D.A.: Looking at the current set-up, I think there are several types of risks in terms of the changes in the Russian legislation related to post services and freight forwarding, and I would like to focus on that and generate various scenarios as to how we’ll need to move forward. The new rules don’t appear to apply to us, in theory, but if it turns out they will apply to DHL we’ll need to spend quite a lot resources to comply. At the moment we are not regulated as much, and if we are, we’d need to address many areas. Again, officially we shouldn’t have to, but we may need to be proactive on it to manage the risk.  


Turning our attention to the Russian market, how is the climate these days both in terms of the economy as a whole and your own business?  

D.A.: I’ve had a lot of internal meetings, and the general impression I got is that business is going very well. The news here is a bit surprising, because in general the Russian economy is not in a great place. The ruble value for the last two years is very unfriendly to a lot of people and most have slowed down in spending.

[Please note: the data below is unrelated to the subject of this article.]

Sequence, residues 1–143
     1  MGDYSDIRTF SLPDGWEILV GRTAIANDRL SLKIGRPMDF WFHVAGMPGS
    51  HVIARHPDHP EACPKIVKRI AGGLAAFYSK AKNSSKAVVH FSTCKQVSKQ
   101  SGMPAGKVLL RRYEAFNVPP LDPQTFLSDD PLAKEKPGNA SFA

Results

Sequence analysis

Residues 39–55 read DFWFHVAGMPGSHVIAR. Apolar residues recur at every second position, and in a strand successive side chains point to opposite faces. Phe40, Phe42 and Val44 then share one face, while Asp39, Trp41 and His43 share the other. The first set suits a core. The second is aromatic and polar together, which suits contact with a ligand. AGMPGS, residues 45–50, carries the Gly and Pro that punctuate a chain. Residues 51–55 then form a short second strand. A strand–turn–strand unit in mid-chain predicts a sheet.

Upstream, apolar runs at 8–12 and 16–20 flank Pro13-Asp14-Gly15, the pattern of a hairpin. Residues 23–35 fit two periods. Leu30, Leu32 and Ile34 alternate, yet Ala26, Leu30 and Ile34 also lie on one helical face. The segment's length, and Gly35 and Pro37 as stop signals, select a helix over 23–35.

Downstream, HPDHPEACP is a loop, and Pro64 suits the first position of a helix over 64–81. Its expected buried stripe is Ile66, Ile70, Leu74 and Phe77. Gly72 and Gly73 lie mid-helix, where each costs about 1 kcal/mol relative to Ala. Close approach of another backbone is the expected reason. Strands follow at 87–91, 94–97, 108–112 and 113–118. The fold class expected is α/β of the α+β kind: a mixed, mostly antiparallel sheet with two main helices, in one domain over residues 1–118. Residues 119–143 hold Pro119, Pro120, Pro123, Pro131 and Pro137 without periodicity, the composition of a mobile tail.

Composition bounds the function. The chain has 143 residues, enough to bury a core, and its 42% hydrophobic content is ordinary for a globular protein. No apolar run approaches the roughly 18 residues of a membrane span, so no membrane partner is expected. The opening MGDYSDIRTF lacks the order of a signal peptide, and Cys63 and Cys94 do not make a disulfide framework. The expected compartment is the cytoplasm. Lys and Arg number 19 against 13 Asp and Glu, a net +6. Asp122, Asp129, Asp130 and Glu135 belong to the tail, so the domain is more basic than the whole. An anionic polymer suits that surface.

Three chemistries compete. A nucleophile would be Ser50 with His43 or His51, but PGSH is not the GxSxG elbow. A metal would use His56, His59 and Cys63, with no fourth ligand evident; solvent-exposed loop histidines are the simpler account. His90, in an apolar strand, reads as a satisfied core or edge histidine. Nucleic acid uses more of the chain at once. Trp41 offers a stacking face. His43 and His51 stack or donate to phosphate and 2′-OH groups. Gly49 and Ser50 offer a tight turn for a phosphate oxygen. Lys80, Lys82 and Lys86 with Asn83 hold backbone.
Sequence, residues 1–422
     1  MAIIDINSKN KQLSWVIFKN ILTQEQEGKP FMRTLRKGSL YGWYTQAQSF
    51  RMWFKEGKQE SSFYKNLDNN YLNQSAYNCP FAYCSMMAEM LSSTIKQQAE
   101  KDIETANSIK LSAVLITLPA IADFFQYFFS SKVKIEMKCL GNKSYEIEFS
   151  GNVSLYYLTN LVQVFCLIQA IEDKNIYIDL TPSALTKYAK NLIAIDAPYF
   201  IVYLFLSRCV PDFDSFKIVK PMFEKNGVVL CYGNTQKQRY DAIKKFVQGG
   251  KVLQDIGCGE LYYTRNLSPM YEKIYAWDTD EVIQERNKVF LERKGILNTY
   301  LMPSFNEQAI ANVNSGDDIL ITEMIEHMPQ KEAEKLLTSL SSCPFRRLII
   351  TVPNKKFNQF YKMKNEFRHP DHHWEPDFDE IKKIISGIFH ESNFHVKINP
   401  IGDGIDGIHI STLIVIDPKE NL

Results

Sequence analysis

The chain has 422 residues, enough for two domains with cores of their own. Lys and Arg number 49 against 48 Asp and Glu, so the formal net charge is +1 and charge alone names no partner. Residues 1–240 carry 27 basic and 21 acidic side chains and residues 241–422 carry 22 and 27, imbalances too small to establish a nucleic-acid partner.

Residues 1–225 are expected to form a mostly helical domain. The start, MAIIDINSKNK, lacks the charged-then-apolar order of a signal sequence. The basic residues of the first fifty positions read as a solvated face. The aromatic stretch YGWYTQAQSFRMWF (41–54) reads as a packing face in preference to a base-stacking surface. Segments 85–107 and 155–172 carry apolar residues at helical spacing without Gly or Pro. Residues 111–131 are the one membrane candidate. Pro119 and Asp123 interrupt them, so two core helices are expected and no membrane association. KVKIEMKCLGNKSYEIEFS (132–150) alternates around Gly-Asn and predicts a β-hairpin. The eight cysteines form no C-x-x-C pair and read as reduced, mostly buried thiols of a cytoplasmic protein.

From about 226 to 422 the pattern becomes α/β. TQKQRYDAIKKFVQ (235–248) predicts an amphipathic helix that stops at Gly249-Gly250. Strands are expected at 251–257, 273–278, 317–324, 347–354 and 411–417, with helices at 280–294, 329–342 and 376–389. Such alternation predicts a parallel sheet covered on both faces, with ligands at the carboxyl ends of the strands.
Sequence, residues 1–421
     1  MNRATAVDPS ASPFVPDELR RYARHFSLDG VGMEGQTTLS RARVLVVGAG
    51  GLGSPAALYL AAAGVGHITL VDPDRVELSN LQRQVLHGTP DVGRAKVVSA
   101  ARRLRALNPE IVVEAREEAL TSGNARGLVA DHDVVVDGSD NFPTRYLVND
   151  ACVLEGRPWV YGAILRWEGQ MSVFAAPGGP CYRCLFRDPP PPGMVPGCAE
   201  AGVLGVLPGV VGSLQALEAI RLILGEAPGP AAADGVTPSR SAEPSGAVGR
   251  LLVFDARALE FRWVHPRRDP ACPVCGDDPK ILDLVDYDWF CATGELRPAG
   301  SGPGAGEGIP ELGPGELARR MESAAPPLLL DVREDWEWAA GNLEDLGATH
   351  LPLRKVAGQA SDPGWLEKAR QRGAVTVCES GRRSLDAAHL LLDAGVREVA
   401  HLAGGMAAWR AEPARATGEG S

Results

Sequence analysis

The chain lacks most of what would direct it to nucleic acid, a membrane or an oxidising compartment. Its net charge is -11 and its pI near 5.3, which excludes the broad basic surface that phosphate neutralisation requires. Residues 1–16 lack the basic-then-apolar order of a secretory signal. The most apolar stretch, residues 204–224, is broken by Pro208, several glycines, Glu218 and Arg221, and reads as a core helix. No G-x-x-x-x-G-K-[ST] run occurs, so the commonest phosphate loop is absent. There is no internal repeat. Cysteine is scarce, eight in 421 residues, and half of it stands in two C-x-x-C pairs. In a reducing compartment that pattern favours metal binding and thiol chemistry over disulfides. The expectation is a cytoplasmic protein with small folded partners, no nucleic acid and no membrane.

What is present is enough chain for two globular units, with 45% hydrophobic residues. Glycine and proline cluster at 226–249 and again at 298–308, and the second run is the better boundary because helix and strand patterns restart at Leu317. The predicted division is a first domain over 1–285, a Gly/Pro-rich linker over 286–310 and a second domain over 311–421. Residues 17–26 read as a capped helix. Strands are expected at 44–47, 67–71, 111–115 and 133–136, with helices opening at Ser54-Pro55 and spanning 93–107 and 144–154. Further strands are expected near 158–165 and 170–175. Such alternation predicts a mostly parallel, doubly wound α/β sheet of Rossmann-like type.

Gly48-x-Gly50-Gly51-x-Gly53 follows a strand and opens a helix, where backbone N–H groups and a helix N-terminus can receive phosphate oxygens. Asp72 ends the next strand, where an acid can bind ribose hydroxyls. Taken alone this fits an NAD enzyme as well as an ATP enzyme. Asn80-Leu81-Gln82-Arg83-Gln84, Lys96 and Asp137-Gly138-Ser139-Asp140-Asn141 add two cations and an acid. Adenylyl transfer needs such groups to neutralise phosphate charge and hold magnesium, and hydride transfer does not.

In terms of the market in general, we’re still struggling with the sanctions because providing even some services as an international company we need to always control and be in line with the sanctions in place. We are very careful here because I would say even our business is affected. 


On the lighter side, looking back at your career, what was the funniest moment in the workplace?  

D.A.: Not a lot of funny stories to share really. One that I can recall is from about ten years ago. It was an April Fool’s Day joke: We had quite a lot of foreigners in Moscow, and we circulated a message that the Russian Government decided to implement a rule based on which they’d need pass exams on the Russian language, the history of the Russian banking system, etc., to be able to work in the management of a bank. They all scrambled and a few hours later they had all even written to HQ asking for a budget line for the needed courses.

This Article was originally published in Issue 3.5 of the CEE Legal Matters Magazine. If you would like to receive a hard copy of the magazine, you can subscribe here.